"I do not care if half the league strikes. Those who do it will encounter quick retribution. All will be suspended and I don't care if it wrecks the National League for five years. This is the United States of America and one citizen has as much right to play as another. The National League will go down the line with Robinson whatever the consequences. You will find if you go through with your intention that you have been guilty of complete madness."

                      NL President Ford Frick, 1947

                      Comment


                      • #26
                        Originally posted by rsuriyop View Post
                        Although I wouldn't endorse Oliver's selection into the HOF, I also wouldn't mind all that much should he ever make it in. To me, he's as much a borderline candidate as anyone. I do think, however, that there are better CFer's out there who are more worthy and probably at least as unappreciated as Oliver ever was if not more so. Reggie Smith and Jimmy Wynn are two names that come immediately to mind as they were both direct contemporaries of his. The former seemed to have virtually no weaknesses whatsoever and the latter was a power hitter who drew tons of walks.
                        Reggie Smith was an awesome player who, for some reason, has become relatively obscure since retiring. At his best, he was a better player than Oliver, but I'm not so sure that he has a better HOF case. Oliver played significantly longer, did better in MVP voting, and has better black/grey ink, HOF standards/monitor scores across the board. He also came much closer to 3,000 hits than Smith did to any significant career milestone. Furthermore, as you said, Reggie Smith had great all-around skills, but he wasn't overwhelming at any one thing. It isn't necessarily fair, but guys of that breed don't usually fare well in HOF voting unless they play forever.

                        I'm not convinced that, at his best, Jimmy Wynn was much better than Al Oliver. His HOF case is, without question, vastly inferior to Oliver's. He did have skills that were underappreciated in his time, and he's significant to the sabermetric community in that sense, but an outfielder primarily known for his power with under 300 homers and under 1,000 RBIs has no chance at the HOF.

                        Comment


                        • #27
                          Originally posted by Otis Nixon's Bodyguard View Post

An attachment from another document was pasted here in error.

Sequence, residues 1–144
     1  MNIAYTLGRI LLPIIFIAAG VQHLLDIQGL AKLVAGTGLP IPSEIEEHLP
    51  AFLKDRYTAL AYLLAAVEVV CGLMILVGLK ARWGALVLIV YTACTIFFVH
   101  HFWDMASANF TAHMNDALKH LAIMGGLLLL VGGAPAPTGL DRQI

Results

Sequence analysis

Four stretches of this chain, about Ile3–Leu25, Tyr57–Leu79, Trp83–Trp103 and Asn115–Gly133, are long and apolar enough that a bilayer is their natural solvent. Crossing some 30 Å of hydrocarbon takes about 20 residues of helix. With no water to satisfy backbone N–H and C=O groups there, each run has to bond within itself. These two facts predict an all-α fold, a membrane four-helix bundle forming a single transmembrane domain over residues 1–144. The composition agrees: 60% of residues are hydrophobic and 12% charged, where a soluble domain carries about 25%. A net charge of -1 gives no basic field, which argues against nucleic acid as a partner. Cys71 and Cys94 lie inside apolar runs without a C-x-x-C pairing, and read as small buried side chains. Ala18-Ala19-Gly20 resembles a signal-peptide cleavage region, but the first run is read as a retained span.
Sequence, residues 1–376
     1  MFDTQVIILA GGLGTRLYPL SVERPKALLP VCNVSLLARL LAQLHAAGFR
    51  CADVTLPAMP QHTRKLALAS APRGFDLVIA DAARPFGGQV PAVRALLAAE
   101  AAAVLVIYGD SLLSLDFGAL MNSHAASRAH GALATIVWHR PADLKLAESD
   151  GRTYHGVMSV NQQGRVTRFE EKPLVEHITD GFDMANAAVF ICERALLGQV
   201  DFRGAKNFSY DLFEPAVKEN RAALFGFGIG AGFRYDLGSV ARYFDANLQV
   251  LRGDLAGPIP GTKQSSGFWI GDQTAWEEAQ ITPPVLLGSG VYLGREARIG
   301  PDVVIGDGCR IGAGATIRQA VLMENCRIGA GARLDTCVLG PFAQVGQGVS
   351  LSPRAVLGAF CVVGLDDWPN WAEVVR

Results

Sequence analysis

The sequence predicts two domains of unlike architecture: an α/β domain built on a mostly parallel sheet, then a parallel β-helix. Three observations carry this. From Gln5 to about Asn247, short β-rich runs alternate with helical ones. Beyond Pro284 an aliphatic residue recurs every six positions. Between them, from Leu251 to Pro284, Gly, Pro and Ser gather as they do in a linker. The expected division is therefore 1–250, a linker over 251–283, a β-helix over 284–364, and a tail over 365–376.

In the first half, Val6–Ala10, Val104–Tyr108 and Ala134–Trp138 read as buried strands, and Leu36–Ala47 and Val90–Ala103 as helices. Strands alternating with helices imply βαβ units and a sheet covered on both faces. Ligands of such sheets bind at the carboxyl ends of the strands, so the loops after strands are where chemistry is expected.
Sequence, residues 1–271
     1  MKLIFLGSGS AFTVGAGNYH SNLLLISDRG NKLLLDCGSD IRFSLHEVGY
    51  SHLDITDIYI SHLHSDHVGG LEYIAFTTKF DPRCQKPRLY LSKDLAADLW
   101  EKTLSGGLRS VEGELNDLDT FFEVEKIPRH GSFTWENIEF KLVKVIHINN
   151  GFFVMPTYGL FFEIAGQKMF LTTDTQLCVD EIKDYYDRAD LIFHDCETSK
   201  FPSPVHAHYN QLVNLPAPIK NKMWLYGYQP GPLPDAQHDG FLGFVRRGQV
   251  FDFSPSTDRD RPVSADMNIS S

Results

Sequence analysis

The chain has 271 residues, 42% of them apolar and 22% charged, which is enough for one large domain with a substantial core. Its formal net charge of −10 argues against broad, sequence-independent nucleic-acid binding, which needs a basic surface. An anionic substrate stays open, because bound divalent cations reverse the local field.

Reggie Smith was an awesome player who, for some reason, has become relatively obscure since retiring. At his best, he was a better player than Oliver, but I'm not so sure that he has a better HOF case. Oliver played significantly longer, did better in MVP voting, and has better black/grey ink, HOF standards/monitor scores across the board. He also came much closer to 3,000 hits than Smith did to any significant career milestone. Furthermore, as you said, Reggie Smith had great all-around skills, but he wasn't overwhelming at any one thing. It isn't necessarily fair, but guys of that breed don't usually fare well in HOF voting unless they play forever.
                          I agree with all of this. I think Oliver has the easier argument to make for being a hall of famer because has more of the things that voters look at, a batting average above .300, over 2700 hits, and a batting title and RBI title. Smith was the better player though. Oliver has the higher BA easily -- .303 to .287 -- but Smith beats Oliver in the more important stats of OBP -- .366 to .344 -- and Slugging -- .489 to .451. Oliver's career was longer, but I think Smith has a pretty clear edge over him unless a lot of weight is given to batting average.

                          His OBP was only 15 points better than average, and he doesn't have anything really special to make up for that: no huge peak or incredibly long career, good but not great power, and he was never considered a great defender. Oliver was a pretty terrific player IMO though, better than a few players already in the Hall.

                          I'm not convinced that, at his best, Jimmy Wynn was much better than Al Oliver. His HOF case is, without question, vastly inferior to Oliver's. He did have skills that were underappreciated in his time, and he's significant to the sabermetric community in that sense, but an outfielder primarily known for his power with under 300 homers and under 1,000 RBIs has no chance at the HOF.
                          Bill James named Darrell Evans the most underrated player ever in his 2002 abstract, but I think Wynn probably deserves that title. He averaged 103 walks per 162 games, something that's usually not appreciated by the public, and only 89 singles leading to a .250 BA. He played in a pitchers' era in pitchers' parks for his entire career. Borderline centerfielders tend to get underrated because their position is expected to be a mixture of offense and defense (rather than just offense for a left fielder or mainly defense for catchers).